The Idea of North
Journal of the Northern Renaissance, 1:1 (Spring 2009)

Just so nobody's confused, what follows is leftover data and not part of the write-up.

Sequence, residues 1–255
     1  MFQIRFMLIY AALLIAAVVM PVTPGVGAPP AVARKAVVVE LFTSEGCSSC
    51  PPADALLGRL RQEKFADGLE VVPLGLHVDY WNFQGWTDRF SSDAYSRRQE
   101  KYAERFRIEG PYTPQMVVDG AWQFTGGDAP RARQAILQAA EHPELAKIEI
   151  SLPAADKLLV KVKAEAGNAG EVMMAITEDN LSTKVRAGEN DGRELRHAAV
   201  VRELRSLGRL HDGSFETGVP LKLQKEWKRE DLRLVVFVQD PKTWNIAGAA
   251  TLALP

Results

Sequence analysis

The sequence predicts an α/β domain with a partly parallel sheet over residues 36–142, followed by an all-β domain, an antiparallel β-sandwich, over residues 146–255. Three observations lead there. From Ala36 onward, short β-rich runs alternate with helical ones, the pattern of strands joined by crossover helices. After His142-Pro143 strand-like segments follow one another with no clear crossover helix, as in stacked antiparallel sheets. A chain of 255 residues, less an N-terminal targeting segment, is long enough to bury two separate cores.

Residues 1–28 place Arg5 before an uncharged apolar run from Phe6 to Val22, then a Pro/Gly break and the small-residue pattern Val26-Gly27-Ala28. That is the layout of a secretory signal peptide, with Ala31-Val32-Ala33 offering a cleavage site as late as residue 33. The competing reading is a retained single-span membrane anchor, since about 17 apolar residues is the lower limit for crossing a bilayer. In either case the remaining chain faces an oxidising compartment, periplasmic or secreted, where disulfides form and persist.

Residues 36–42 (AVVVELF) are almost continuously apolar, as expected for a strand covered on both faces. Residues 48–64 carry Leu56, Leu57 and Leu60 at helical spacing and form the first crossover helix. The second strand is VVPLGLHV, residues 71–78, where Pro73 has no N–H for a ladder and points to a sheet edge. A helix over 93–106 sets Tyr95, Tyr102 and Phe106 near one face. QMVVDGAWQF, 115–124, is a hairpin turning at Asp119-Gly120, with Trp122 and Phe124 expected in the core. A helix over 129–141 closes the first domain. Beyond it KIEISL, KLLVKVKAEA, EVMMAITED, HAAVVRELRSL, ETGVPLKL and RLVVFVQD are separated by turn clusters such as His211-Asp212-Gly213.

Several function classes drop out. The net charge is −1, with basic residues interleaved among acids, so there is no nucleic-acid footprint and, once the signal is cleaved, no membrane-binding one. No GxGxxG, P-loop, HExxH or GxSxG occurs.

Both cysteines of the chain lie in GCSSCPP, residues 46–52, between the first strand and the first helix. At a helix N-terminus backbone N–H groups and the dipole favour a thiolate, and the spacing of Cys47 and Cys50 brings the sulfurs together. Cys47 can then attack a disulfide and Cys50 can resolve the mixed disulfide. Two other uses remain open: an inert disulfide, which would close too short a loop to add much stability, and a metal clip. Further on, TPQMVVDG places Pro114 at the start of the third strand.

The idea of the North in Western society has a long and distinguished history. Indeed, the only ‘purely ethnographic treatise that survives from antiquity’ is Tacitus’s Germania, his description of the Germanic peoples (Mellor 1993: 14). Tacitus produced his short treatise as a way of forcing Romans to confront the luxurious decadence that he felt had enveloped and deformed their society. The Germania was a companion piece to the Agricola, the life of the military leader, his father-in-law, Cornelius Julius Agricola, governor of Britain and ‘one of the most successful generals of the Flavian era’ (Mellor 1993: 10). Tacitus was also eager to contrast the hard liberties enjoyed by the barbarian tribes of the north to the soft yoke of servility that the Romans had experienced under the tyranny of Nero, as well as the abstemiousness and carefully regulated sexuality of the Germans and Britons to the disgraceful over-indulgence of the Romans. The North might be primitive and unsophisticated, but it had retained a humanity that the South was in danger of losing.